When Louis Pasteur put onions to the test in the mid-1800s, he discovered they were antibacterial – this is, they would kill many disease-causing bacteria.
My mother didn’t need Louis Pasteur to tell her this about onions. From the old country, she brought some strange beliefs about onions and their curative powers. Onion and vinegar drinks for head colds and flu; onion and goose grease compressed for chest colds; raw onions for sore throats; rub a raw onion on a sore joint. Name the malady and there was an onion treatment and some mumbo jumbo and superstitions to go with it.
My mother said she learned about the medicinal power of onions and other foods from Gypsies in the Kent countryside. The Gypsies also taught her to tell fortunes with tea leaves – she was amazingly accurate at this – and filled her head with superstitions she took as gospel.
Some of these superstitions concerned medicinal foods and once, for a high school project, I wrote many of them down. I still have the paper – which got an F and a note from my teacher about not having time to “read this nonsense” – and I decided to dig it out after completing last week’s column about flavonoids and food folklore. From that paper, here’s some of the old Gypsy folklore about foods, along with brief updates on the “miracles medicines” scientists believe may be found in fruits and vegetables.
“I’ve already mentioned some of the folklore about using onions to treat colds and other ailments. Most of this was pure superstition and nonsense. However, onions may be a powerful medicinal plant. Researchers believe onions may be effective in lowering cholesterol, lowering blood sugar and possibly contain ingredients that fend off cancer. Researchers have already confirmed that an ingredient in onions blocked cancer in test animals.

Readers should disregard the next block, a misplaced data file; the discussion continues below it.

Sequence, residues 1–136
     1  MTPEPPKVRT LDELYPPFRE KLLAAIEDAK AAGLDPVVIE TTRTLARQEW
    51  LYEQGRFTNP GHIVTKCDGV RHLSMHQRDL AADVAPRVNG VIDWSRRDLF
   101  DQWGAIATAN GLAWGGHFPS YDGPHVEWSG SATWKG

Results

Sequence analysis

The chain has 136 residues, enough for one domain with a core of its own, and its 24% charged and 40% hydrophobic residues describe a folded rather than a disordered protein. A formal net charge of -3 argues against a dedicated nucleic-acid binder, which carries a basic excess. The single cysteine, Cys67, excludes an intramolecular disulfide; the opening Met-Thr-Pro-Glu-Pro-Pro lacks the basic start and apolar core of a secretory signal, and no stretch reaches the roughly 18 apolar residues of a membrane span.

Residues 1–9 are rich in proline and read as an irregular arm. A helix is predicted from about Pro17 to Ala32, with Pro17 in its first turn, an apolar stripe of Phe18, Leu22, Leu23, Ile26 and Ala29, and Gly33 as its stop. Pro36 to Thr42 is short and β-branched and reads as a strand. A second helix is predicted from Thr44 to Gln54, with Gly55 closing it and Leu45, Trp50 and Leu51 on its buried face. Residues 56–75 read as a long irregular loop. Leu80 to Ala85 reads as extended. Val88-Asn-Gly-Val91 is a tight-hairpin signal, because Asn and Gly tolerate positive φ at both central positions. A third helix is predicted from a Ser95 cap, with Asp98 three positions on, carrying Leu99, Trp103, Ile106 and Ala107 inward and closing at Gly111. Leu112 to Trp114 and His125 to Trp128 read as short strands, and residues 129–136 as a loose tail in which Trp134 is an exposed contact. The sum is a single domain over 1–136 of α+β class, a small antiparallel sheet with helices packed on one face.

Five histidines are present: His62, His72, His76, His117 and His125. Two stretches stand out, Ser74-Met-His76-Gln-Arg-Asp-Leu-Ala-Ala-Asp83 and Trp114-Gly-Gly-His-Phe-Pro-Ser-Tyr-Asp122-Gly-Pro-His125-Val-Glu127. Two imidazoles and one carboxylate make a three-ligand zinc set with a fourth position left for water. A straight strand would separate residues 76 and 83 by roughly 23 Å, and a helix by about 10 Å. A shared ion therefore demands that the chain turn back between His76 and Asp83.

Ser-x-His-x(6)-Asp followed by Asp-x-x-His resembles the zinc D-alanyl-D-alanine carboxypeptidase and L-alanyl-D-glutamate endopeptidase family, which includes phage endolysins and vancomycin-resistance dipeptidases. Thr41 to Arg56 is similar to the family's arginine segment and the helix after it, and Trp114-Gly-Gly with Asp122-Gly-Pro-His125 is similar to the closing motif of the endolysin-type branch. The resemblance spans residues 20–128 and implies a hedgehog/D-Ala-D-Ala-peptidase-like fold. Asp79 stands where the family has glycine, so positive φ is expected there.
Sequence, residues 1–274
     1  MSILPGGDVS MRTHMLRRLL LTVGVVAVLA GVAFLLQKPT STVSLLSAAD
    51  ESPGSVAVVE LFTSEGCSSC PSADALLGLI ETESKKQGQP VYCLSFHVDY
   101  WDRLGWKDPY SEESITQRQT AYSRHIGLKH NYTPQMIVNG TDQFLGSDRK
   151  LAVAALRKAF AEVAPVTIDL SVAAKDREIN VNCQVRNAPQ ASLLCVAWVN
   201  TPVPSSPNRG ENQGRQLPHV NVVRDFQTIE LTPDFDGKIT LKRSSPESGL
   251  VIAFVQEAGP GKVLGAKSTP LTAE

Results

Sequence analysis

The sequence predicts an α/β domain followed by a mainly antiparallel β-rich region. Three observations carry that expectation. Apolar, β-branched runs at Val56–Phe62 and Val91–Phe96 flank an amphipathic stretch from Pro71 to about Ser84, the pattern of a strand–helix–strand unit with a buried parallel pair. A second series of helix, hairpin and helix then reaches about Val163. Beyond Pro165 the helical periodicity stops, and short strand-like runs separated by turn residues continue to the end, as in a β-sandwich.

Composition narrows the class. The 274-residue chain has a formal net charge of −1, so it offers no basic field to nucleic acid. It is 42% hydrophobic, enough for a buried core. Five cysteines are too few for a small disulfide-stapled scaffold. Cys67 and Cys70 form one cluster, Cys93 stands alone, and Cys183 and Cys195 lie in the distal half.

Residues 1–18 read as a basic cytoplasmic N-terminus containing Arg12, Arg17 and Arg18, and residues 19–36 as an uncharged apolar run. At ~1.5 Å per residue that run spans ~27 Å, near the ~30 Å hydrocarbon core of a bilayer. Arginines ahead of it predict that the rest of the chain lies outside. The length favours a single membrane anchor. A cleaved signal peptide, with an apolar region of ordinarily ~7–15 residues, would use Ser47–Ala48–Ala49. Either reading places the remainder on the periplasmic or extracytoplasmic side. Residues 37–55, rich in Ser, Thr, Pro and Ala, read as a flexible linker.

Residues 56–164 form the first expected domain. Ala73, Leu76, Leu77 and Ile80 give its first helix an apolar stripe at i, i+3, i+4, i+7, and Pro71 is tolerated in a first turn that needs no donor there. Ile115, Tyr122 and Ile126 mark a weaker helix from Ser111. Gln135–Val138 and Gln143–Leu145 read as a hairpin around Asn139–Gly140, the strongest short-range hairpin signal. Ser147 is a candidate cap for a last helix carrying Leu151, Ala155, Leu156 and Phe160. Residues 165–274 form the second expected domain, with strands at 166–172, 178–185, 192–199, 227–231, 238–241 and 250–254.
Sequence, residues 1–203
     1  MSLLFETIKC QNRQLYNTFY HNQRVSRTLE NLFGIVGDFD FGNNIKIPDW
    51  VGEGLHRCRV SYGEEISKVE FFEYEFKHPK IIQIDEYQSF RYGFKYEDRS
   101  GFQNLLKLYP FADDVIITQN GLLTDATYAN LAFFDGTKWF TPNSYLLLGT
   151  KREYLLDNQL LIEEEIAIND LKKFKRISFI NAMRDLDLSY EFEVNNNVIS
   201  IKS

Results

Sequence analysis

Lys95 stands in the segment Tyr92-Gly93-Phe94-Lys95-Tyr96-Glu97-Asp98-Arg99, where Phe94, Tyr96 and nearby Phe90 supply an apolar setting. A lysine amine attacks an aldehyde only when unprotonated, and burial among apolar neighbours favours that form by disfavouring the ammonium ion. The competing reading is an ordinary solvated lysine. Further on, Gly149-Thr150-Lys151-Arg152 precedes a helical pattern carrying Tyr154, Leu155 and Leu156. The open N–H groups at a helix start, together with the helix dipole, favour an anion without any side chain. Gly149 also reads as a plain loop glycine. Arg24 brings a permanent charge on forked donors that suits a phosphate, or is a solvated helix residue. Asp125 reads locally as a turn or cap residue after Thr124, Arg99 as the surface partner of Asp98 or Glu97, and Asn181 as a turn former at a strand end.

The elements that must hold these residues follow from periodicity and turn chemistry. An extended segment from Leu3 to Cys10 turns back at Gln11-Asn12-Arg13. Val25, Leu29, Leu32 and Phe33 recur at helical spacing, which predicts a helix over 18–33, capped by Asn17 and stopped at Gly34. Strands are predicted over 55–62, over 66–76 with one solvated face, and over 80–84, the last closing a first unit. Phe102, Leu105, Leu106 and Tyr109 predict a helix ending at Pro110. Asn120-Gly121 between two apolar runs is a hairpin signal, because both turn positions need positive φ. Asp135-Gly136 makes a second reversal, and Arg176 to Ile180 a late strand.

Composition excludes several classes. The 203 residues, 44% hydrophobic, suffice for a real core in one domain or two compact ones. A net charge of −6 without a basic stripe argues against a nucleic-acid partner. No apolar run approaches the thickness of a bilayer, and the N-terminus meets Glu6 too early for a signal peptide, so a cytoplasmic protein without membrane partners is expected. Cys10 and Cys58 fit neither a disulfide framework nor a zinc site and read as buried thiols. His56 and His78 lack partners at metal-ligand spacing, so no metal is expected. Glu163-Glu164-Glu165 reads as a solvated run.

Beans – the Gypsy belief is that beans boiled with garlic will cure persistent coughs. Today researchers believe that various types of beans contain chemicals that inhibit cancer, lower blood pressure and reduce the “bad type” blood cholesterol.
Carrots – the old belief is that carrots will help “bad nerves”, poor eyesight, asthma and skin problems. A 1981 study examined the eating habits of 2,000 male smokers over a 19-year period and found that those who ate the least carrots were more cancer prone. This study also found that the beta-carotene in carrots may help repair cell damage after a person has stopped smoking.
Cabbage – a plant the Gypsies and the ancient Greeks and Romans revered and it may be one of the true stars of the food pharmacy. The ancient Greeks used cabbage leaves to treat wounds. In ancient Rome, the cabbage was used to treat a variety of diseases. In colonial days, the cabbage was used to treat scurvy, gout, rheumatism, tuberculosis, asthma, gangrene, diseases of the eye, sore gums and what-have-you.
Yes, say modern day researchers, the cabbage could be good medicine. There are hints that cabbage eaten on a regular basis contributes to longevity and general health. One year-long survey (1986) found that people who ate cabbage had the lowest death rate from all causes. Even fermented cabbage, sauerkraut, had the same health benefits, the survey found.